Happy Valentine’s Day to all our readers!

 

Photo: NASA 

Posted by: Seymour Simon

(4) Comments  •   Labels: Astronomy, Stars   •  Permalink (link to this article)

January 5, 2011

           

10-year-old Kathryn Gray of Birdton, New Brunswick, Canada has discovered a supernova, the youngest person ever to make such a finding. How would a ten-year-old have access to the equipment needed to spot a supernova, you might ask? She was working with her father, astronomer Paul Gray.

Supernovas happen when huge stars explode and die. You can see it through a telescope because an exploding star gives off a very bright light, much more brilliant than anything around it. Kathryn’s supernova happened in a distant galaxy called UGC 3378, which is about 240 million light-years away from our Milky Way Galaxy.

Kathryn was helping her father by studying “before and after” images of the same place in that galaxy, using an instrument called a blink telescope – that way you can see when something new has happened. And sure enough, she found a supernova.

If her teacher asks the class this week to write about “what I did over my winter vacation,” Kathryn Gray is certainly going to have a story to tell!

 

Photo Credit: David Smith/AP

 

Posted by: Seymour Simon

(1) Comments  •   Labels: science news, Astronomy, Stars   •  Permalink (link to this article)

January 3, 2011

This is a photograph of galaxy NGC 1275, captured by the Hubble Space Telescope. Though this galaxy is 230 million light-years away, it is one of the closest to our own Milky Way galaxy. The thin red strings surrounding the galaxy are cool gases, as compared to the white hot - 100-million-degrees Fahrenheit! – gas in the center.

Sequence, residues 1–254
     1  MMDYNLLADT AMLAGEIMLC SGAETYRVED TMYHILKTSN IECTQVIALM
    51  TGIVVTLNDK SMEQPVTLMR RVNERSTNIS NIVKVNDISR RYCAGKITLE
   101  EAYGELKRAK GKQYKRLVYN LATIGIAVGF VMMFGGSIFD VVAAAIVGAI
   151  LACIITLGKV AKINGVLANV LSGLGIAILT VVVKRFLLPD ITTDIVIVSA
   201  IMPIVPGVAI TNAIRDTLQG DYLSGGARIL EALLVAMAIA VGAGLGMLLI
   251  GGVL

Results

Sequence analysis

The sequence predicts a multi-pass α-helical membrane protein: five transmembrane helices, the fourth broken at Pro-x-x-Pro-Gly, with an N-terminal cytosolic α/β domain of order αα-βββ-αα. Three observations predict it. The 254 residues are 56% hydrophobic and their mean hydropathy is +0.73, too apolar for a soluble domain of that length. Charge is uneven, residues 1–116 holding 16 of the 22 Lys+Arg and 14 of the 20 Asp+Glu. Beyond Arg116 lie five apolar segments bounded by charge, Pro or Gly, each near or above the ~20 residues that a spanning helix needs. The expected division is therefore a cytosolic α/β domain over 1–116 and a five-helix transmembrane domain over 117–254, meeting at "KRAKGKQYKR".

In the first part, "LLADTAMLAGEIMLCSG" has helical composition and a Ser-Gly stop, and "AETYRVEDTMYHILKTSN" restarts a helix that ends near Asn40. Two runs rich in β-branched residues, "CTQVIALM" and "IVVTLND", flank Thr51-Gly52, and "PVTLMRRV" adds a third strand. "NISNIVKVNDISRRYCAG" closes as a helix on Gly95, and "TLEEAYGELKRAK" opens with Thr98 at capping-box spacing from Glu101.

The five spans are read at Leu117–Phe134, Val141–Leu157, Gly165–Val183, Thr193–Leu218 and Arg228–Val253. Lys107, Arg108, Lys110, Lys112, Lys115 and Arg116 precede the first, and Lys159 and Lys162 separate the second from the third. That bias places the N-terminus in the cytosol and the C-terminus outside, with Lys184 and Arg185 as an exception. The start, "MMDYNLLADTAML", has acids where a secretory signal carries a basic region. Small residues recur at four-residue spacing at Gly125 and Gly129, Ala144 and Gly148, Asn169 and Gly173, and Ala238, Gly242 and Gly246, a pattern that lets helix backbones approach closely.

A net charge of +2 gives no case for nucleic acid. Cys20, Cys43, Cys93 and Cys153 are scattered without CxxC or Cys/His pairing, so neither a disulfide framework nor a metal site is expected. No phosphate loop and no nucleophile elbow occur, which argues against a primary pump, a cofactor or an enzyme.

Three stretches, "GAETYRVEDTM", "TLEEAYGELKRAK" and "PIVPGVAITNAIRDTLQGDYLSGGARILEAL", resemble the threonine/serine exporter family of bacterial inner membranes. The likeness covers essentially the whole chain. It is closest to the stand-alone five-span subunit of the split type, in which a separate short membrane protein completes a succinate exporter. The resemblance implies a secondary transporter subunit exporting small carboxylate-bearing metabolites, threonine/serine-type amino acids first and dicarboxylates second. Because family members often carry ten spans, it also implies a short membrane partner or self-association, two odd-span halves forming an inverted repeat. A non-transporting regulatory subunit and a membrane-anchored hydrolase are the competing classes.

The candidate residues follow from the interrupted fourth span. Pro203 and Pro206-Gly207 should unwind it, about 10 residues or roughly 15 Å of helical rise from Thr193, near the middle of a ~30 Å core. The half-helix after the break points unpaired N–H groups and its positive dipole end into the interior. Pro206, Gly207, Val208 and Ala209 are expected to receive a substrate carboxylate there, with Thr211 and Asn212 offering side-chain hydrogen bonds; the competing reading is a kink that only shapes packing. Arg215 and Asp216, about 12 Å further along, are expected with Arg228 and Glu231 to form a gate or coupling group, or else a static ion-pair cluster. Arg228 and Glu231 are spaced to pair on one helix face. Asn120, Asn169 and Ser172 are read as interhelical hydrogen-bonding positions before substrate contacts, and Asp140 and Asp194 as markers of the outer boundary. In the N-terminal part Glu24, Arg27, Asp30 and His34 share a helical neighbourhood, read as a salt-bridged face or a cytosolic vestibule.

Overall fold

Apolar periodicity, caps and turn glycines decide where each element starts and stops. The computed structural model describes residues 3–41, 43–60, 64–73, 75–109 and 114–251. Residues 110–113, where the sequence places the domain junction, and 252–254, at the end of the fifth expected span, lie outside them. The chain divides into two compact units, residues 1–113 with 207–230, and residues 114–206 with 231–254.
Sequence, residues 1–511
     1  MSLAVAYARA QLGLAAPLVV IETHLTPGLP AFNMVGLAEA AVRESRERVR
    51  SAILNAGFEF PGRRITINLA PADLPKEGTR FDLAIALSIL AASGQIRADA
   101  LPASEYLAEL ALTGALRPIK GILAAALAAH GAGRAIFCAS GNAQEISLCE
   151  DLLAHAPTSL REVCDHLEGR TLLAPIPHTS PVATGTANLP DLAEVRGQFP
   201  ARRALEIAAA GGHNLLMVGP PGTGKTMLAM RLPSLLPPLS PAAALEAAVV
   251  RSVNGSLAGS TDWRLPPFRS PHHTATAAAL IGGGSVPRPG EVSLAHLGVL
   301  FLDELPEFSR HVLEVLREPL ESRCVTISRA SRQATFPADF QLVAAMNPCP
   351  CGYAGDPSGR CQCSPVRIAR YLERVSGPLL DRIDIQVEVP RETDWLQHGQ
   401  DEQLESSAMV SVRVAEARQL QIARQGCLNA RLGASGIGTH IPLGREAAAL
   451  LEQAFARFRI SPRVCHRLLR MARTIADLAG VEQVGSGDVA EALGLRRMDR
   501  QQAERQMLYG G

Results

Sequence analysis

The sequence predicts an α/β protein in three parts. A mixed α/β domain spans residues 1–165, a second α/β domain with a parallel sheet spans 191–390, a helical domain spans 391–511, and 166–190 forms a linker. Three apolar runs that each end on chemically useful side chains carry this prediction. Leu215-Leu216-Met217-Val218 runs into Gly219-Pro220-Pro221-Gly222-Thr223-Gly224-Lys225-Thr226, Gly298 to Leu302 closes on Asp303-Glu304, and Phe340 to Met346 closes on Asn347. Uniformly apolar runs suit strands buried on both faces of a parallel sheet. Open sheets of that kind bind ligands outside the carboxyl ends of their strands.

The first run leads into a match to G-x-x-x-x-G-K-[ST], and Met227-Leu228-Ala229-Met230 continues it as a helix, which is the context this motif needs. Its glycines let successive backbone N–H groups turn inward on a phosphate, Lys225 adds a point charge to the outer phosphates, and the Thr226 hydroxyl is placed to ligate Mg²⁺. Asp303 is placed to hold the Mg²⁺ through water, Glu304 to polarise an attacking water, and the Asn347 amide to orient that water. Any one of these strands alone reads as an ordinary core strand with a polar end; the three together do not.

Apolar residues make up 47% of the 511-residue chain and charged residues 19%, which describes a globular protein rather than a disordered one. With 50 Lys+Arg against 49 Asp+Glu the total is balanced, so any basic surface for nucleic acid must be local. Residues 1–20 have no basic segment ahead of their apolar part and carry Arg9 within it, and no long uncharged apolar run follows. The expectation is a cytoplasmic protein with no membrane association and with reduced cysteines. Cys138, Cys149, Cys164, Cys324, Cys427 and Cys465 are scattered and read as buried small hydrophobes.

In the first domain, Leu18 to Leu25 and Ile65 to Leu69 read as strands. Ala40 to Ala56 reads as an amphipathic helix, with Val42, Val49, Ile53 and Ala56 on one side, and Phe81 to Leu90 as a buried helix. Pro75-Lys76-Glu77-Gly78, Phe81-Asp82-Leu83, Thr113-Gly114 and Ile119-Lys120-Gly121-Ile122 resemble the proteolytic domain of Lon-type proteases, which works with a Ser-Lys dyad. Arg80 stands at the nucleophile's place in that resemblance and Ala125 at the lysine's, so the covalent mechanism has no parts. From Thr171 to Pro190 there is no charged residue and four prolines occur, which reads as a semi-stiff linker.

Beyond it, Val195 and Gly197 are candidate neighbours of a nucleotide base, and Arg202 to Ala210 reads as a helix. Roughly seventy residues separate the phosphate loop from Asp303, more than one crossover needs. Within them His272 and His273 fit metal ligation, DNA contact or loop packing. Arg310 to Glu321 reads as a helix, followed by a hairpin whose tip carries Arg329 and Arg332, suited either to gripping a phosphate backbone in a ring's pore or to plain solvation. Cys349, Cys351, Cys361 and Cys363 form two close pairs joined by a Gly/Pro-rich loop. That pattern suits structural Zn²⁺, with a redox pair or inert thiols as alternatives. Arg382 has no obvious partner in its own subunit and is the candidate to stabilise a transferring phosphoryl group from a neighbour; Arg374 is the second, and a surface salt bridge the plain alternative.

Image Credit: NASA, ESA, and the Hubble Heritage (STScI/AURA)-ESA/Hubble Collaboration; Acknowledgment: A. Fabian (Institute of Astronomy, University of Cambridge, UK)

 

Posted by: Liz Nealon

(0) Comments  •   Labels: Astronomy, Cool Photo, Photography, Stars, Hubble Telescope   •  Permalink (link to this article)

December 14, 2010

I received a wonderful (electronic) packet of letters today from an elementary school teacher in Casablanca, Morocco. It began with the salutation "Salam Aleikum (peace be upon you - our greeting here)," which I thought was a very nice way to begin my day!

Stars book coverShe sent me some letters written by students in her fifth grade ESL class, who have been studying my book STARS. They asked some great questions, which I thought I would answer here.